While the elocutionists explicitly focused on reading in the church or in public speeches, and the school anthologies offered examples of famous speeches from history and from drama, as well as short pieces in prose and verse, the ideas of the elocutionists did influence the reading of novels. Jane Austen, for example, was well aware of the elocution movement; its influence on reading the church service is discussed in Mansfield Park (1814, vol. 3, chap. 3). Austen's letters and novels provide many examples of reading aloud in the family circle, with comments on the quality of the reading. In her novels, Austen sometimes marked her text for the oral reader, who, unlike a reader of the church service, would probably not have prepared the reading in advance: her use of italics and paragraph breaks suggest points where the reader might emphasize or pause (Michaelson).
As a mixed genre, novels demanded a range of reading styles. The elocutionists had urged readers to “personate” the author of a speech they were reading; this facilitated the reader's primary job, to convey the author's meaning to the audience. But readers of novels should personate the author only in narrative sections; in the dialogues, they should portray the various characters. Reading aloud becomes a kind of acting. Gilbert Austin wrote that readers of novels should hurry through “mere narrative.” “Interesting scenes” demand more careful, impressive reading, while dialogue should be read as if it were drama (1806, Chironomia, 206). John Wilson noted that even a given description must be read differently, depending on which character is speaking (1798, Principles of Elocution).
These elaborations reimagine the novel as theater. Authors planning for an oral performance, then, might minimize narrative in favor of dialogue, leading to livelier reading. In preparing his own texts for his popular public readings, Charles Dickens tended to abbreviate narrative while making characters' speech more inflected by dialect. Dickens noted emphases, as well as tones and gestures, in his prompt books. He maintained the line between reading and acting, remaining behind his reading desk, but reviewers called him “one of the best of living actors” (Collins, lvi; see also Andrews).
Reading novels aloud alters the audience's experience of the text. The reader is an intermediary between text and audience, not only interpreting the text through his or her voice, but also abridging the text in some places and stopping to comment in others. In her diary of 1798, Frances Burney says of her husband reading Gil Blas to their son, the “excellent Father judiciously omits or changes all such passages as might tarnish the lovely purity of his innocence” (1976, Journals and Letters, 6:801). The risk that the solitary reader might enter too deeply into the illusion is obviated. The text is shared, interpreted, and contextualized in the family. In addition, reading aloud within the family reinforces social bonds and hierarchies: the reader might be a father surrounded by his family, a husband reading to his wife in bed, reinforcing their intimacy, or a paid companion reading to amuse her patron (as Jo does in Louisa May Alcott's Little Women, 1868).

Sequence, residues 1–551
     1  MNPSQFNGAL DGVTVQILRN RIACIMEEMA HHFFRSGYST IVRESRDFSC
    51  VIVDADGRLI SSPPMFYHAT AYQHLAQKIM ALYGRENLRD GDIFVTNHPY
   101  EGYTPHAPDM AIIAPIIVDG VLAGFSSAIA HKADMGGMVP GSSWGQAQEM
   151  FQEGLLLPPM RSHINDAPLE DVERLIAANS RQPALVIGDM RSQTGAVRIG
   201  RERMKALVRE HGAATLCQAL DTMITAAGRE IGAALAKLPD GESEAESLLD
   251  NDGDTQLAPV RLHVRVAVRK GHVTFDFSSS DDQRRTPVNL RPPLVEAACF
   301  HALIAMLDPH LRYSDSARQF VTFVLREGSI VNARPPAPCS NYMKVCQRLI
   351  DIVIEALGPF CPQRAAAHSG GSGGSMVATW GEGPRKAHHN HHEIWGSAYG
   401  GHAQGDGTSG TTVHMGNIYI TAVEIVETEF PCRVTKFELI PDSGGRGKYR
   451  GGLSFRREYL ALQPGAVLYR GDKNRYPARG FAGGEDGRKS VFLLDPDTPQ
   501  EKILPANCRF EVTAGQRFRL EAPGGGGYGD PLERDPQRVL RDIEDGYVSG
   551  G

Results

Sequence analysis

The new media developed in the twentieth century (radio, TV, analog and digital recording) largely displaced reading aloud as an everyday family entertainment, with one notable exception: the ritual of parents reading bedtime stories to young children. As in earlier periods, reading to children performs multiple functions as a means of education and a way of strengthening relationships, and as before, the parent selects the text, interprets it, and interrupts it for discussion. In present-day adult settings, reading novels aloud is often in the context of a special event, like marathon readings of James Joyce's Ulysses (1922) or authors reading from their own work. The actor Patrick Stewart performed Charles Dickens's A Christmas Carol (1843) on stage during the holiday seasons in the 1990s and into the new century, harkening back to Dickens's practice, to great acclaim.
New media may have aided the demise of family reading, but they enabled the development of audiobooks. Thomas Edison had predicted as early as 1878 that book recordings would be one future use for the phonograph. Beginning in 1930s, recordings of books were made for the benefit of the blind, both in Britain and in the U.S. The BBC also broadcast “story hours” on the radio for a more general audience. A mass market for recorded books developed in the 1970s, when cassette players became standard equipment in American cars, and their use was closely tied to long drives and/or daily commutes. The American audiobooks industry describes its typical consumer as someone who reads widely and who sees audiobooks as one way to fit more reading in. In the early twenty-first century, audio versions of novels are usually released at the same time as the print publication. The reader is either an actor or, less commonly, the author, and the text is usually abridged. Audiobooks are considerably more expensive than the printed book. Downloadable digital formats and rental programs may make the price more competitive and may help develop a younger and wider listening audience.
SEE ALSO: Adaptation/Appropriation, Dialogue.
1. Andrews, M. (2006), Charles Dickens and His Performing Selves.
2. Bartine, D. (1989), Early English Reading Theory.
3. Collins, P. (1975), Charles Dickens.
4. Engelsing, R. (1974), Bürger als Leser.
5. Flint, K. (1993), Woman Reader, 1837—1914.
6. Hunter, J.P. (1990), Before Reading.
7. Michaelson, P.H. (2002), Speaking Volumes.
8. Pearson, J. (1999), Women's Reading in Britain, 1750—1835.
9. Radway, J. (1984), Reading the Romance.